humanitarian research using PRA tools and provided an excellent opportunity to work with and learn from students and professors from other universities. Click here to read the final report.
(left) Thom Banks, Sotheary LY and Julia Phillips carry out PRA field work in Leogane, Haiti as part of the DEP field trip in January 2014. ÂŠ Anna Nicholls
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Martin Dolan (DEP 2013-14) writes, In early April 2014, nine students from the DEP course had the fantastic opportunity to travel to Palestine with Dr Brigitte Piquard to partake in a practical fieldtrip based around the South Hebron Hills, where Dr Piquard has been working for several years with communities in the Old City of Hebron. The trip began with an introduction to Hebron where we were kindly hosted for the nine days of our stay by two very welcoming Palestinian families. The first day of project work began in the Palestinian community of At-Tuwani, a small village outside of Hebron where there is a history of peaceful resistance to the conflict. The students met and interviewed many of the inhabitants of the village in an effort to understand their situation and create a profile of how they cope with the occupation of their land and the continuous demolition of their houses. The following day the group travelled to nearby Ul-Mukair to carry out a similar process with the Bedouin community there. Semi-structured interviews formed the basis of most of the data collection and were a great way to meet the residents. These visits were followed by group analysis of the collected data and were followed up by a number of
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further visits to obtain additional information, gain insight into how these communities manage in the face of adversity and understand the extreme difficulties that they face. The final day involved returning to the villages to make a presentation to the inhabitants, communicating our findings and offering our views on their situation, all of which was received warmly and gratefully. This research trip formed just the beginning of a longer-term project that aims to build on the already existing strengths and capabilities that the communities display.
DEP Palestine Cohort with friends ÂŠ Rory Carnegie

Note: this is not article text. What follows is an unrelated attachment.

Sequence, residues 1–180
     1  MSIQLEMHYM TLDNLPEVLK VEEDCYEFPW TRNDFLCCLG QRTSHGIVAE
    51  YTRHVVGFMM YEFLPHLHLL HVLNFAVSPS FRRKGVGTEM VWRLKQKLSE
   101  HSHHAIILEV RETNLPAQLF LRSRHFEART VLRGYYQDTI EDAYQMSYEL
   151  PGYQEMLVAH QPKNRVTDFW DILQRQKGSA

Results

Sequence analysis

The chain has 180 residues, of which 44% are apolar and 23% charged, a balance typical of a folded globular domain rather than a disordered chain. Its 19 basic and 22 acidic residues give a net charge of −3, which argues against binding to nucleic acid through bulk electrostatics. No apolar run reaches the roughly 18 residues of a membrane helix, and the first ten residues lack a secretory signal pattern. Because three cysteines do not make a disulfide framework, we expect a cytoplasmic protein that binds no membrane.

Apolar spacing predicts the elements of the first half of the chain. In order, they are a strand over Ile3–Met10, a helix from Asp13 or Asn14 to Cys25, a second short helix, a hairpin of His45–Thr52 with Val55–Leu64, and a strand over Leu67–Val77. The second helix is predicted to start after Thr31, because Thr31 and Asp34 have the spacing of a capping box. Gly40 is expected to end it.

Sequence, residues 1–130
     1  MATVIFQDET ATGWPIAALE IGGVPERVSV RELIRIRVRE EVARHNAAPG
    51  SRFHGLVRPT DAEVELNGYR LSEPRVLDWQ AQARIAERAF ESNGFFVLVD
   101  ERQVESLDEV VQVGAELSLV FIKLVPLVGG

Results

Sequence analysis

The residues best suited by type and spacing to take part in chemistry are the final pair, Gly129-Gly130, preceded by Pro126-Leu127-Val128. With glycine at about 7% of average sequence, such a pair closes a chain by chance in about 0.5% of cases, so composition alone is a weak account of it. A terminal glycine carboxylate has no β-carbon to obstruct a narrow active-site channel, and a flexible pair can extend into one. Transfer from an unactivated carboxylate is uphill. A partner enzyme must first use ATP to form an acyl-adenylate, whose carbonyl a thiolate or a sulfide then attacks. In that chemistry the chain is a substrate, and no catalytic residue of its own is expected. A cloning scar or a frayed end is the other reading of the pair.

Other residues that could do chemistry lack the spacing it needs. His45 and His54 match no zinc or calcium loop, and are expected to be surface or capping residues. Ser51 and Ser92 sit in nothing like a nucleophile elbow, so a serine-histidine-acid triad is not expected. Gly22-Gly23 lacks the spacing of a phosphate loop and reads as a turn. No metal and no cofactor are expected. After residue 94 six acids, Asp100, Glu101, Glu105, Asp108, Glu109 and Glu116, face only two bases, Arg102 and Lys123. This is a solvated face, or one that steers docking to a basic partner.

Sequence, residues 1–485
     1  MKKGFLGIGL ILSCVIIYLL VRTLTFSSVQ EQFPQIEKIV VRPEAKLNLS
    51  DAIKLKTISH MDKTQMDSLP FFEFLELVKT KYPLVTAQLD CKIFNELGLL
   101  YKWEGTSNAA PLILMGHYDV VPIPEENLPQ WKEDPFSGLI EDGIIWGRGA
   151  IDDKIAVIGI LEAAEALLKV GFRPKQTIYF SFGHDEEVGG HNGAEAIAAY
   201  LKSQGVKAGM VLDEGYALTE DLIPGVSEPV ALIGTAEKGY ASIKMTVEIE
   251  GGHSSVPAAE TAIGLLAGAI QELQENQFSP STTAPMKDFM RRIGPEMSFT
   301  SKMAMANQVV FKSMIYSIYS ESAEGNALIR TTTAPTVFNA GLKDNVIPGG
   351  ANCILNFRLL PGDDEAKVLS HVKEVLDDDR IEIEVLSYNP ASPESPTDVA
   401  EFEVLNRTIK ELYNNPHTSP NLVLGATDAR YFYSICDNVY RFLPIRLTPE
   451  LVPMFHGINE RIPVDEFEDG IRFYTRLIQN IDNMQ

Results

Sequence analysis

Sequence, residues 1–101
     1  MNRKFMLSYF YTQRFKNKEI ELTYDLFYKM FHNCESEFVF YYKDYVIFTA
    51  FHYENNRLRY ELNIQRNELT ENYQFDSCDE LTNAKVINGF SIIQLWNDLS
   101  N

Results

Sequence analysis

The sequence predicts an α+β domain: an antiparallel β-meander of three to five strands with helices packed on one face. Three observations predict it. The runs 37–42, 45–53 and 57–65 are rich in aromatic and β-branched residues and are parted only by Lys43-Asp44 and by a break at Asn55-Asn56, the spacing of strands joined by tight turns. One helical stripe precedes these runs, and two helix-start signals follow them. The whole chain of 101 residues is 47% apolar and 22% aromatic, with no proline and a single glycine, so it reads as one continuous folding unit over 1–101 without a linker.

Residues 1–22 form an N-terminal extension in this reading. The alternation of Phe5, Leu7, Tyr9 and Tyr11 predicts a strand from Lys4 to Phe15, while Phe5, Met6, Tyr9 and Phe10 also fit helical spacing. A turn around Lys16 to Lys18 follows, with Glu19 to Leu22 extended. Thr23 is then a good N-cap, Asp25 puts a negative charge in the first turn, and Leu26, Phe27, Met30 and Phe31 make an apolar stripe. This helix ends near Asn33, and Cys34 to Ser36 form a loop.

Afterwards some of the group spent a few days of travelling in and around the Palestinian Territories and Israel. The highlights were the friendships that came out of the trip, both within the group and among the communities that we visited, as was the field experience of working within a community-building project in a conflict zone. It was an eye-opener for many and an inspiration, with one student returning to Palestine to carry out research for her dissertation. (right) DEP students discussing spatial arrangement of the village At-Tuwani on field visit to Palestine CENDEP News 2014 | 23
Design for urban disaster CONFERENCE 2014 In May 2014 CENDEP and Harvard University’s Graduate School of Design held a joint conference, Design for urban disaster. The event was cosponsored by the IFRC and Habitat for Humanity, along with the Harvard Humanitarian Initiative and Harvard’s South Asia Institute. The conference, which had three key themes – response, resilience and transformation – brought together 150 humanitarian aid practitioners, government workers and designers within the spatial and physical disciplines, to explore ways of improving actions before and after disasters.
The keynote speech was delivered by Professor Georgia Butina Watson, Head of Oxford Brookes’ Department of Planning, alongside Professor Andrew Natsios, Executive Professor at the George H.W. Bush School of Government at Texas A&M University. Other keynote speakers included Dr Nancy Kete, Managing Director of the Rockefeller Foundation, Professor Peter Walker from Tufts University, Graham Saunders, Head of Shelter for IFRC and Mihr Bhatt from the All India Disaster Mitigation Institute. Former CENDEP student Victoria Stodart, who is currently working as a global shelter advisor for the IFRC
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(see article page 31) also presented at the conference. She drew on her work which also includes researching and advising on regulatory barriers to emergency and transitional shelter after natural disasters.
A second conference is due to be held at Oxford Brookes in 2016; also a publication of written papers from the conference is due for publication by Routledge in 2015.
Design for urban disasters conference ÂŠ David Sanderson
The conference chair, David Sanderson, said, â€˜Humanitarians, architects, planners and other designers have critical roles to play in urban disaster recovery. The question is: how do they work better together to address the pressing needs of urban disaster?â€™ CENDEP News 2014 | 25